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Wilhelm Vöge

Wilhelm Vöge German art historian

German art historian
The basics
Quick Facts
Intro German art historian
A.K.A. Wilhelm Voege
Countries Germany
Occupations Art historian Educator
Gender male
Birth 16 February 1868 (Bremen, Bremen (state), Germany)
Death 30 December 1952 (Ballenstedt, Harz, Saxony-Anhalt, Germany)
Star sign AquariusAquarius
The details

Wilhelm Vöge (16 February 1868 – 30 December 1952) was a German art historian, the discoverer of the Reichenau School of painting and one of the most important medievalists of the early 20th century. Whitney Stoddard called him the "father of modern stylistic analysis" for medieval art.

Life and work

Vöge was born in Bremen. He studied art history under Anton Springer and Paul Clemen at the University of Leipzig, under Carl Justi, Karl Lamprecht and Henry Thode at the University of Bonn, where Aby Warburg and Hermann Ullmann were his classmates, and finally under Hubert Janitschek at the University of Strasbourg. In 1891 he wrote his groundbreaking Ph.D. dissertation on Ottonian painting, based on the Munich manuscript Cim. 58 ("the Evangelary of Otto III"), which established the group of painters known today as the Reichenau School (then however located in Trier). He became a friend of Heinrich Wölfflin. After a research trip in France, where he met the German medievalist Adolph Goldschmidt and the French scholars Gaston Maspero, Eugène Müntz, Camille Enlart, Paul Vitry, Albert Marignan and Louis Courajod, Vöge published a book on French medieval sculpture (Die Anfänge des monumentalen Stiles im Mittelalter, 1894). Then he went to Italy in order to write his Habilitationsschrift on Raphael and Donatello (1895).

In 1896 he taught art history at the University at Strassburg. From 1897 to 1910 he worked at the Berlin Museum under Wilhelm von Bode. Specialized in Christian sculpture he published a study on the Museum's ivory sculpture (Die Elfenbeinbildwerke der königlichen Museen zu Berlin, 1900) and a large catalog entitled Beschreibung der Bildwerke der christlichen Epochen (published in 1910). In 1908 Vöge was recommended by Wölfflin for a chair at the University of Freiburg. There he founded the Institute of Art History, developing a library and a comprehensive photo collection. Among his students in Freiburg were Erwin Panofsky, who wrote his Ph.D. dissertation under Vöge in 1914, Friedrich Winkler, Kurt Badt, Walter Lehmann and Hans Rupe.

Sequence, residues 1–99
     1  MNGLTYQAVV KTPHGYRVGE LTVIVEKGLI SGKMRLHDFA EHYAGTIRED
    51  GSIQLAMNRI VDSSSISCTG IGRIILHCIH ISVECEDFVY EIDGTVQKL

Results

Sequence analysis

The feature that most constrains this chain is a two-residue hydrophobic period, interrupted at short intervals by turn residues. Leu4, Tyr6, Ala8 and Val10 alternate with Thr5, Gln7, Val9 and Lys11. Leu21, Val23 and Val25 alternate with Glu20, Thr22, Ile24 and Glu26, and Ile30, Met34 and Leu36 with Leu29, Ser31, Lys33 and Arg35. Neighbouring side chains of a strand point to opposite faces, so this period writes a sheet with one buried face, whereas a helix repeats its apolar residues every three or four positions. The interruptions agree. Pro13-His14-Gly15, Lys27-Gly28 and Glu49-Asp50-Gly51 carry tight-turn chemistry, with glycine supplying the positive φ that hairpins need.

In his book, Die Anfänge des monumentalen Stiles im Mittelalter (1894) Vöge identified and named the "Headmaster" of the west facade of Chartres cathedral, while in a later study he dubbed the Joseph and Visitation masters of Reims Cathedral. Though Vöge's approach attempted to impose a nineteenth-century conception of the individual artist on the very different social situation that pertained in the Middle Ages, it became a dominant paradigm for the study of all kinds of medieval art, especially Gothic sculpture.

During World War I Vöge suffered severe insomnia diagnosed as a nervous breakdown in 1916. He resigned from his teaching position, succeeded by Hans Jantzen, and withdrew to Ballenstedt. He began publishing again in the 1930s, but the rise of the Nazis caused a mental and physical retreat. After World War II, he published a monograph on Jörg Syrlin (1950). He died in Ballenstedt, Germany.

His research papers are housed at the Wilhelm-Vöge-Archiv in Freiburg.

Select publications

  • Eine deutsche Malerschule um die Wende des ersten Jahrtausends. Ph.D dissertation, Bonn, 1891.
  • "Kritische Studien zur Geschichte der Malerei in Deutschland im 10. und 11. Jahrhundert." Westdeutsche Zeitschrift für Geschichte und Kunst, vol. 7, 1891-1894.
  • Die Anfänge des monumentalen Stiles im Mittelalter: Eine Untersuchung über die erste Blütezeit französischer Plastik. Strasbourg: Heitz, 1894.
  • Raffael und Donatello: Ein Beitrag zur Entwicklungsgeschichte der italienischen Kunst. Strasbourg: Heitz, 1896.
  • Die Elfenbeinbildwerke der königlichen Museen zu Berlin. Berlin: Spermann & Reimer, 1900.
  • Die deutschen Bildwerke und die der anderen cisalpinen Länder. 2nd ed. Berlin: Reimer, 1910.
  • "Die Bahnbrecher des Naturstudiums um 1200". Zeitschrift für bildende Kunst, vol. 25, 1914, pp. 193–216.
  • Nicolas Hagnower, der Meister des Isenheimer Hochalters und seine Frühwerke. Freiberg im Breisgau: Urban, 1931.
  • Jörg Syrlin der Ältere und sein Bildwerke. Berlin: Deutscher Verein für Kunstwissenschaft, 1950.
  • Bildhauer des Mittelalters: Gesammelte Studien von Wilhelm Vöge. Berlin: Gebrüder Mann, 1959.
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